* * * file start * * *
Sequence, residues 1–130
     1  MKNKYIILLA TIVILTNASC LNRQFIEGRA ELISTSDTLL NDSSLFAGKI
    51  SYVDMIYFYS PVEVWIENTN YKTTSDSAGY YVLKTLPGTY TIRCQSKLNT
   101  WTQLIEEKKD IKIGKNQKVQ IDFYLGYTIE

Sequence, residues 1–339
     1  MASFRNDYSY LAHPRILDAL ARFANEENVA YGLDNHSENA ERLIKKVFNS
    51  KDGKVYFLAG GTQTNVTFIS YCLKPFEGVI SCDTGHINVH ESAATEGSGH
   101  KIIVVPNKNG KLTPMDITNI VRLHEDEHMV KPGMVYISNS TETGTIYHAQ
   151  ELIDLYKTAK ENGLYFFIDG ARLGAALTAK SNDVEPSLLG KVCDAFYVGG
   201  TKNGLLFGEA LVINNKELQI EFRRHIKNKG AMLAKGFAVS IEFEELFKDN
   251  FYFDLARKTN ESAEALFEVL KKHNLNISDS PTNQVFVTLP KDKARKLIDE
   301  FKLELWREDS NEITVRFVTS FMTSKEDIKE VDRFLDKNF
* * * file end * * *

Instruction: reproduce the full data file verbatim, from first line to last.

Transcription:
Sequence, residues 1–130
     1  MKNKYIILLA TIVILTNASC LNRQFIEGRA ELISTSDTLL NDSSLFAGKI
    51  SYVDMIYFYS PVEVWIENTN YKTTSDSAGY YVLKTLPGTY TIRCQSKLNT
   101  WTQLIEEKKD IKIGKNQKVQ IDFYLGYTIE

Sequence, residues 1–339
     1  MASFRNDYSY LAHPRILDAL ARFANEENVA YGLDNHSENA ERLIKKVFNS
    51  KDGKVYFLAG GTQTNVTFIS YCLKPFEGVI SCDTGHINVH ESAATEGSGH
   101  KIIVVPNKNG KLTPMDITNI VRLHEDEHMV KPGMVYISNS TETGTIYHAQ
   151  ELIDLYKTAK ENGLYFFIDG ARLGAALTAK SNDVEPSLLG KVCDAFYVGG
   201  TKNGLLFGEA LVINNKELQI EFRRHIKNKG AMLAKGFAVS IEFEELFKDN
   251  FYFDLARKTN ESAEALFEVL KKHNLNISDS PTNQVFVTLP KDKARKLIDE
   301  FKLELWREDS NEITVRFVTS FMTSKEDIKE VDRFLDKNF